Related Stories

Scientists build a living patch for damaged hearts

May 6, 2013
Duke University biomedical engineers have grown three-dimensional human heart muscle that acts just like natural tissue. This advancement could be important in treating heart attack patients or in serving as a platform for ...

Hybrid heart valve is strong, durable in early tests

November 18, 2013
A hybrid heart valve created from thin and highly elastic mesh embedded within layers of human cells was strong and durable in a study presented at the American Heart Association's Scientific Sessions 2013.

New method generates cardiac muscle patches from stem cells

June 19, 2012
A cutting-edge method developed at the University of Michigan Center for Arrhythmia Research successfully uses stem cells to create heart cells capable of mimicking the heart's crucial squeezing action.

Unfolded protein response contributes to sudden death in heart failure

December 2, 2013
A researcher at the Cardiovascular Institute (CVI) at Rhode Island, The Miriam and Newport hospitals has found a link to human heart failure that if blocked, may reduce the risk of sudden cardiac death. The paper, written ...

Recommended for you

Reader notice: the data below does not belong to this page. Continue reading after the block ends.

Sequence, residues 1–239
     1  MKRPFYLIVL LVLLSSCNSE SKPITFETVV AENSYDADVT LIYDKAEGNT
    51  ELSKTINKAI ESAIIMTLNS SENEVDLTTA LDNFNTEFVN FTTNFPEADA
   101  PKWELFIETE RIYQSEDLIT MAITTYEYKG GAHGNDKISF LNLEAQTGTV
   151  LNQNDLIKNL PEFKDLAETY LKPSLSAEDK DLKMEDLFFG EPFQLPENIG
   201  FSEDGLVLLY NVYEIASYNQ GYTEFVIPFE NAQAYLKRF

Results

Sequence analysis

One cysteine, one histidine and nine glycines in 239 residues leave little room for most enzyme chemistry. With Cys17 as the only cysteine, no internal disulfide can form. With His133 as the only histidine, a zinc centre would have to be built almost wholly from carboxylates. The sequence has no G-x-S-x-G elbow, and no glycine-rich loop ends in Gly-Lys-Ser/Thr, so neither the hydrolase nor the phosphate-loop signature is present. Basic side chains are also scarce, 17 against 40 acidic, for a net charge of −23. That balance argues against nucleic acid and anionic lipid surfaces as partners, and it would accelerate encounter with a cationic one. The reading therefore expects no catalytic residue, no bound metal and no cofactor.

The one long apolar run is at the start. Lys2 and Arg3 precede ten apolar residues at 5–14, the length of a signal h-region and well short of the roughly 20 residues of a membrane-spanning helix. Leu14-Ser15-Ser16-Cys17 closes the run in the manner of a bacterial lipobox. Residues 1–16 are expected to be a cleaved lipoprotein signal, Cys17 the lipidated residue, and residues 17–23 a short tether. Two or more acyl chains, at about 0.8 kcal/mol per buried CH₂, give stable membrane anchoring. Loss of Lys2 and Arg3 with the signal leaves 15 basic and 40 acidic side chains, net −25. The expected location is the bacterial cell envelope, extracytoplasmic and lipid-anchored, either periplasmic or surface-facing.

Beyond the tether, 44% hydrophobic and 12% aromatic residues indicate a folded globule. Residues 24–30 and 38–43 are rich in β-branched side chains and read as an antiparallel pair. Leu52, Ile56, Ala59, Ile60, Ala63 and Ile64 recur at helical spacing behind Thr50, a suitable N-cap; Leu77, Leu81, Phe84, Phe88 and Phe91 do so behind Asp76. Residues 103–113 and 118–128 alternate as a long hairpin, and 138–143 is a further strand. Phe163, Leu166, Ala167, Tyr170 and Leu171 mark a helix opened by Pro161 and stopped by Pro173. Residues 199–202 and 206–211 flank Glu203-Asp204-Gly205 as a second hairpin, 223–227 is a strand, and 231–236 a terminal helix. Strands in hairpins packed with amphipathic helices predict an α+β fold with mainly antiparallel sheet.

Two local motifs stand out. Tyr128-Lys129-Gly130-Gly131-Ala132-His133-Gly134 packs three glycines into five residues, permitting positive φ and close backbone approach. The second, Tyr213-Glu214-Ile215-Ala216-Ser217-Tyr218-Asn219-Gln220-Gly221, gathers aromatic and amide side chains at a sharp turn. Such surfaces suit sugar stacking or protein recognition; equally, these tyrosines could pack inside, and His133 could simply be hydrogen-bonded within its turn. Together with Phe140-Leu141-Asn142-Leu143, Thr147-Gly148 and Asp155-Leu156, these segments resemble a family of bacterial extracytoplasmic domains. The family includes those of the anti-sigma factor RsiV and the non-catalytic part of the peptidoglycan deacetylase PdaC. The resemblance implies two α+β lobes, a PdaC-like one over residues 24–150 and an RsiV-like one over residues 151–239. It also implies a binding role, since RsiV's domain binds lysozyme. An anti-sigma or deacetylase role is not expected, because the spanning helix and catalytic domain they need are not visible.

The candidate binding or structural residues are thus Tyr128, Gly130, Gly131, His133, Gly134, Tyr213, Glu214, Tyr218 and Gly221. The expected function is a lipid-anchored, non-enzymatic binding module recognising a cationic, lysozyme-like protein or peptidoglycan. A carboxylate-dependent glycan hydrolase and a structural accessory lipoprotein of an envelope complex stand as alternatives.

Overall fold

Could aggressive blood pressure treatments lead to kidney damage?

July 18, 2017
Aggressive combination treatments for high blood pressure that are intended to protect the kidneys may actually be damaging the organs, new research from the University of Virginia School of Medicine suggests.

Quantifying effectiveness of treatment for irregular heartbeat

July 17, 2017
In a small proof-of-concept study, researchers at Johns Hopkins report a complex mathematical method to measure electrical communications within the heart can successfully predict the effectiveness of catheter ablation, the ...

Concerns over side effects of statins stopping stroke survivors taking medication

July 17, 2017
Negative media coverage of the side effects associated with taking statins, and patients' own experiences of taking the drugs, are among the reasons cited by stroke survivors and their carers for stopping taking potentially ...

Study discovers anticoagulant drugs are being prescribed against safety advice

July 17, 2017
A study by researchers at the University of Birmingham has shown that GPs are prescribing anticoagulants to patients with an irregular heartbeat against official safety advice.

Protein may protect against heart attack

July 14, 2017
DDK3 could be used as a new therapy to stop the build-up of fatty material inside the arteries

Heart study finds faulty link between biomarkers and clinical outcomes

July 14, 2017
Surrogate endpoints (biomarkers), which are routinely used in clinical research to test new drugs, should not be trusted as the ultimate measure to approve new health interventions in cardiovascular medicine, according to ...

0 comments

Please sign in to add a comment. Registration is free, and takes less than a minute. Read more

Click here to reset your password.
Sign in to get notified via email when new comments are made.